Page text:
It has been a tiring search. Good coffee in Boston is hard to find, and I was feeling a little defeated. There are plenty of cafes that serve above-average bean, but the third wave coffee scene hasn’t quite infiltrated Boston yet. I haven’t see the passion or the innovation I saw in Berlin. Until now.
Gracenote’s coffee is phenomenal. After opening shop just over a month ago, they’ve developed a dedicated following of lovers of the art. Their space is small and simple and indicative of the reason you’re there — for the coffee.
The man behind the bean is Patrick Barter. He began roasting from his home back in 2012, and since then has created one of the region’s most talked about products. Gracenote Coffee Roasters was born out of a home-made roasting machine, and Patrick began selling it at local farmers’ markets. Word spread, and so did Patrick’s distribution.
Through this process he met Alessandro Bellino, or San, as he prefers. San was operating a coffee trike at the time, using Gracenote beans to provide the city with its caffeine fix. Earlier this year, the pair decided to open an espresso bar in downtown Boston. Thank god they did.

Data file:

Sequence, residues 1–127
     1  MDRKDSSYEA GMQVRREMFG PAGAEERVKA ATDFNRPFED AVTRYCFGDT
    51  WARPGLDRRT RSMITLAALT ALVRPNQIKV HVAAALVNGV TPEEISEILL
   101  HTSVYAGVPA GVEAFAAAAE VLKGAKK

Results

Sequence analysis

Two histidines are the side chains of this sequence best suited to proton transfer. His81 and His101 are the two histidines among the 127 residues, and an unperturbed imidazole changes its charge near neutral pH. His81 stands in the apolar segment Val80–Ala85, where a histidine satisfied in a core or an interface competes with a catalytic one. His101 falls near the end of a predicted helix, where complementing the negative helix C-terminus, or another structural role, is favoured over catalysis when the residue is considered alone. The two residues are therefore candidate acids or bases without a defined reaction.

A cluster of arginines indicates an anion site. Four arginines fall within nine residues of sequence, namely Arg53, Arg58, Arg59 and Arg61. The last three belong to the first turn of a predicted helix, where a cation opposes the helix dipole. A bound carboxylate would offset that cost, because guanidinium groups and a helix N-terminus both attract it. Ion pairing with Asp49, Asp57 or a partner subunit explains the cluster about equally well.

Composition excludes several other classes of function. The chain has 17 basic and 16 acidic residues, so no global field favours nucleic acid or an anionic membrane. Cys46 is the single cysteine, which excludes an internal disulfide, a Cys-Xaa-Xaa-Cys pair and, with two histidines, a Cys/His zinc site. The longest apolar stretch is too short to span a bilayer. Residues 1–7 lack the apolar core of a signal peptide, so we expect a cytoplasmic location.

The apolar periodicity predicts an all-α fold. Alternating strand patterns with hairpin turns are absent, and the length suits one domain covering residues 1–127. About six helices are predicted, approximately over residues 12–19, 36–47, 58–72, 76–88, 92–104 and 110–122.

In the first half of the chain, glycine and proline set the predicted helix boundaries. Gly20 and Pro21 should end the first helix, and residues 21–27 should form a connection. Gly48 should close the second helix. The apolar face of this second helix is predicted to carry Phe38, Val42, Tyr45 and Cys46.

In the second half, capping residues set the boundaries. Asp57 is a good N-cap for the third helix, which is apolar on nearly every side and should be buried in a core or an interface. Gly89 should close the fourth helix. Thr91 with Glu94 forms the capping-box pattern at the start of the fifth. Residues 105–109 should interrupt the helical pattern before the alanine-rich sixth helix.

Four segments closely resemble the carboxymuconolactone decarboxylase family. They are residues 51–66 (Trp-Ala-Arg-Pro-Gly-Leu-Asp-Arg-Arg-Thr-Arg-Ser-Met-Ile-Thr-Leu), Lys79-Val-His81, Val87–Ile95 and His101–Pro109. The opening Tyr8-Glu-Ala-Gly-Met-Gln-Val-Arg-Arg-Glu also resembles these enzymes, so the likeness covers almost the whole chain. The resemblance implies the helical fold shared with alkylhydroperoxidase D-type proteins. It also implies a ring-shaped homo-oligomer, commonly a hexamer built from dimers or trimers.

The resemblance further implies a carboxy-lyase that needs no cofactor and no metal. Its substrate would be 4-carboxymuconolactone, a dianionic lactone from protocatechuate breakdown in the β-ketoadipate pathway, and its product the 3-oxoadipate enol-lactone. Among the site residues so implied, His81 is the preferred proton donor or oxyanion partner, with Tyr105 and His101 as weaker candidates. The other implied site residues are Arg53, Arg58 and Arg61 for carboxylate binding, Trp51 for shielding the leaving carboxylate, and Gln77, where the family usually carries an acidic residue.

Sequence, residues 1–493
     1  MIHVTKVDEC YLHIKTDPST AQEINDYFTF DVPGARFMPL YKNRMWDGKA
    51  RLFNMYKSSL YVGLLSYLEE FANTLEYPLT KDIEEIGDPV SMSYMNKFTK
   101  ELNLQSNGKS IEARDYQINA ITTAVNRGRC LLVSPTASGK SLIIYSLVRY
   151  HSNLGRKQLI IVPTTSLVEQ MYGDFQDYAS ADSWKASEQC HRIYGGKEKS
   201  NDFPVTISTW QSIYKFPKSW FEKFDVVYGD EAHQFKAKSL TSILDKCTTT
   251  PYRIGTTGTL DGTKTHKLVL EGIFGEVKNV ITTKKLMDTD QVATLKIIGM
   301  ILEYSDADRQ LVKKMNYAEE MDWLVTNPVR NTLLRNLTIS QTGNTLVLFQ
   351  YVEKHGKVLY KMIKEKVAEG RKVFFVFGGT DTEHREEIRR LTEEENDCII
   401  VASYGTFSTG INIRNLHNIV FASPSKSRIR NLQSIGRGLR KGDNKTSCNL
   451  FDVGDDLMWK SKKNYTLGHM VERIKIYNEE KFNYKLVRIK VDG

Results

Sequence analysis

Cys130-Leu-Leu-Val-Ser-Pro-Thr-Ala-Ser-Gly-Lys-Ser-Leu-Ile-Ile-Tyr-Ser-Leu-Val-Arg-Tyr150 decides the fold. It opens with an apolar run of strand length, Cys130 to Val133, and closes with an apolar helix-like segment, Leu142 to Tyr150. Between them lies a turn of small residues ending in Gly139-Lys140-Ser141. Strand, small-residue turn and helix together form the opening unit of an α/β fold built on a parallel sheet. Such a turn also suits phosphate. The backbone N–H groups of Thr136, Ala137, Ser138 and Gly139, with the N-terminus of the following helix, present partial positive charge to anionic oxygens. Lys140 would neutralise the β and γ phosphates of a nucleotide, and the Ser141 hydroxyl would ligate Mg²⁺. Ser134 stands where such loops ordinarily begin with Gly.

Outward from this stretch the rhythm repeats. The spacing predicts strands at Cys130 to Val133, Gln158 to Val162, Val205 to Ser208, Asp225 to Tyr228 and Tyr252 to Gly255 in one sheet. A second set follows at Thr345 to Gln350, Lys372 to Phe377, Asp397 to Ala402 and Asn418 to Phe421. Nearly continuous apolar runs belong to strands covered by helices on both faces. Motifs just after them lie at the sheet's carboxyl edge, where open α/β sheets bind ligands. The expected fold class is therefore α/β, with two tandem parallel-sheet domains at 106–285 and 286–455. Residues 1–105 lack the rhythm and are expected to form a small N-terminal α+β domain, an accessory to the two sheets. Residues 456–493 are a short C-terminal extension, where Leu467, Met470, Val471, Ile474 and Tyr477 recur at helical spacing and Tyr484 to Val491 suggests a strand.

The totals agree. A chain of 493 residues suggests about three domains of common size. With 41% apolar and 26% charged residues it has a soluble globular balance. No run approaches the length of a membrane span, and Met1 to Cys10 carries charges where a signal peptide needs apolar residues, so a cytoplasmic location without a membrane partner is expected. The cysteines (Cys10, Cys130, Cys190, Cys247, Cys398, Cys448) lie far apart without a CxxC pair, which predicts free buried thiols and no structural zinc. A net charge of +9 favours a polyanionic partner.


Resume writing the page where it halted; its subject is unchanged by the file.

We arrived on a Saturday when most of the city is a ghost town. I was excited. San poured my flat white and I watched the milk — milk bearing that perfect ‘wet paint’ consistency — melt into the crema of the espresso. It was perfect. The cortado was also perfect. The caffeine was smooth and velvety; the milk was hot but not burnt. The art of espresso-based drinks takes a long time to master, but these guys have conquered it.
The gorgeous wooden bench, the colourful artisan crockery, and the cozy corner of bakery items add subtle touches to a simple space. We chatted with San for a while and he told us about the public cupping they were holding the next day. Of course we would attend.
Tasting coffee is an attentive and experimental process. There’s slurping. There’s spitting. There are several techniques used to experience each blend of coffee. Patrick taught us about the beans, how they grew, and where they came from. We were told what kind of notes to look for with each sip.
“Coffee has notes. We taste plum, or caramel, or jasmine, or peach, or whatever. We also taste coffee.” And so we did.
The cupping went for about an hour, during which we met Chris, scientist and author of the book Water for Coffee. He assisted Gracenote with the installation of their water systems, and he provided a little test for us all: one blend of coffee brewed two ways — once with water from Boston and another with water Cambridge. The results were shocking.
We left Gracenote buzzing, with a bag of Ethiopian Misty Valley (the favourite of the day) and plenty more knowledge about what’s needed to create the perfect cup. Gracenote Coffee is not only the best I’ve found in Boston, but possibly the entire country. You can bet we’ll be back.
For information on future public cuppings, head to Gracenote’s website: www.gracenotecoffee.com
Gracenote Coffee can be found at 108 Lincoln St, Boston, MA 02111.